The risk, according to Kurkland, is that if the country where these Canadian citizens live faces some type of catastrophe, it will be the responsibility of Canadian taxpayers to pay to get them out, as happened when some of the fifty thousand Canadian citizens living in Lebanon were airlifted out of the country during the 2006 Hezbollah-Israel war.

Similar to the Lebanon experience, Hong Kong residents holding Canadian passports could return in large numbers and burden the country’s social programs if China imposes more restrictions on the semi-autonomous jurisdiction, Kurkland warns.

National Post Reports Increase in Citizenship Crackdown

The pace of citizenships being rescinded due to fraudulent applications has increased significantly with no signs of slowing down

A new story in the National Post, one of Canada’s largest national newspapers, reports an expansion in the crackdown on citizenship fraud:

Normally, Ottawa revokes citizenship from only a handful of Canadians a year. Since 1947, it has happened fewer than 50 times. Recent cases include Nazi war criminals and Branko Rogan, who concealed his involvement in Bosnian war crimes from immigration authorities.

But in September, Jason Kenney, the minister of citizenship and immigration, announced his department had sent letters to 530 Canadians advising them their citizenship was being rescinded. Investigations into another 3,100 suspected of citizenship fraud were still underway, he said.

The article recounts the case of Mark Bilalov, who became a Canadian citizen in 2003 despite a criminal record. Shortly after receiving citizenship, Bilalov was charged for taking part in a home invasion in which the home’s occupant was struck in the head with 20-pound dumbbell until he handed over keys to his store and the combination to his safe.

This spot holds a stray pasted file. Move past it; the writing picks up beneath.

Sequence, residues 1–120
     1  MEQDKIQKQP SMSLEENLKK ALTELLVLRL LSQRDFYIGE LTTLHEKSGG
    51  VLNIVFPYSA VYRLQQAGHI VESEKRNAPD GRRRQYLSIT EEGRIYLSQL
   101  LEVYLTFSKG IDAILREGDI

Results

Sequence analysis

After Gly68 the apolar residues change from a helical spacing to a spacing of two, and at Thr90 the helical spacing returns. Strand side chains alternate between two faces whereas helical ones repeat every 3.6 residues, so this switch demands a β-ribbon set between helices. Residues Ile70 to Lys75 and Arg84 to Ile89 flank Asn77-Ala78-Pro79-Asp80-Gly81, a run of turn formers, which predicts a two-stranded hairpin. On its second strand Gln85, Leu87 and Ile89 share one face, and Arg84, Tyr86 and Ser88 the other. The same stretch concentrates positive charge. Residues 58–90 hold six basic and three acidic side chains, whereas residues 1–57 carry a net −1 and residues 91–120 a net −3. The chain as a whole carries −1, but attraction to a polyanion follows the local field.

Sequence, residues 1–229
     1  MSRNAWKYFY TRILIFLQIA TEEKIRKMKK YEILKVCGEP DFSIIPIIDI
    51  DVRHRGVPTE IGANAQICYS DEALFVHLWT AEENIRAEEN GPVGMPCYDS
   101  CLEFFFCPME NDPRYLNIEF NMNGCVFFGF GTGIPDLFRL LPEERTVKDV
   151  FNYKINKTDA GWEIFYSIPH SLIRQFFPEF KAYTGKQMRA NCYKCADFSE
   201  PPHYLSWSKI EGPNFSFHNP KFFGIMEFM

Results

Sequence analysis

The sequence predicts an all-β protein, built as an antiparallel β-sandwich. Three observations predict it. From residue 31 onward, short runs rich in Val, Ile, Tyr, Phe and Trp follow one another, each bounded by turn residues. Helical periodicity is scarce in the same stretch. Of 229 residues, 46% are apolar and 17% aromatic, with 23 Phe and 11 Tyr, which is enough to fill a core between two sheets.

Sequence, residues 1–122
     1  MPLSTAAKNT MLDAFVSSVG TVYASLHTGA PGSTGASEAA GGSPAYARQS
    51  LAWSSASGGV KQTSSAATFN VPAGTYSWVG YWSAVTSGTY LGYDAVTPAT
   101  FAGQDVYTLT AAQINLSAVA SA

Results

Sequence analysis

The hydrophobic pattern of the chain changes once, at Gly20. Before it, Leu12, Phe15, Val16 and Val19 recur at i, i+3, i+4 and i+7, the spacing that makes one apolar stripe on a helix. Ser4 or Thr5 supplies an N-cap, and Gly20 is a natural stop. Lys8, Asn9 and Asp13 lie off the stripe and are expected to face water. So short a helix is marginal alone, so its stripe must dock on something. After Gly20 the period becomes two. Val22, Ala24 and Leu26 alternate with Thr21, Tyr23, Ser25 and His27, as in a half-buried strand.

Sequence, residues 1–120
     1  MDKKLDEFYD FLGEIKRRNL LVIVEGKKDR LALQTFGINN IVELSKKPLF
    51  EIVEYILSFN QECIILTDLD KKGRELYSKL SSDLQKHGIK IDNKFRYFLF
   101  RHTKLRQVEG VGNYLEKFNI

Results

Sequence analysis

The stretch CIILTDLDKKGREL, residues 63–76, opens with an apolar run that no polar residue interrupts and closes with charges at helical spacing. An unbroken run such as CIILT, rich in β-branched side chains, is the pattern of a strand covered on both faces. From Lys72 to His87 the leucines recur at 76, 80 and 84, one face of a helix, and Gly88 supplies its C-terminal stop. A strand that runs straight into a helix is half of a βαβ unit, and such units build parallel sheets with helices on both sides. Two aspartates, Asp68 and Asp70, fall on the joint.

The charges were later dropped but the case encouraged Citizenship and Immigration Canada (CIC) to ask the RCMP to look into how Bilalov became a citizen. The RCMP found that they had no knowledge of the convictions before his citizenship.

He has since been convicted on one charge of making a false statement to obtain his citizenship, and in 2011, was informed that his citizenship would be revoked based on the ommission of having a criminal record when applying for citizenship.

Bilalov is currently fighting the decision in court, where his lawyer has argued it is unfair to revoke his citizenship due to the time that has passed since he committed the fraud on his application.

Cases like Bilalov’s have increased public support for the citizenship revocations, which appears will continue for the forseeable future.

New Language Requirements For Canadian Citizenship Coming into Effect November 1st

The UBC English Language Institute is one of thousands of locations where individuals can take an IELTS exam. Citizenship applicants will be required to submit the results from CIC-approved third-party tests like the IELTS or provide evidence of completion of secondary or post-secondary education in English or French to be have their application processed.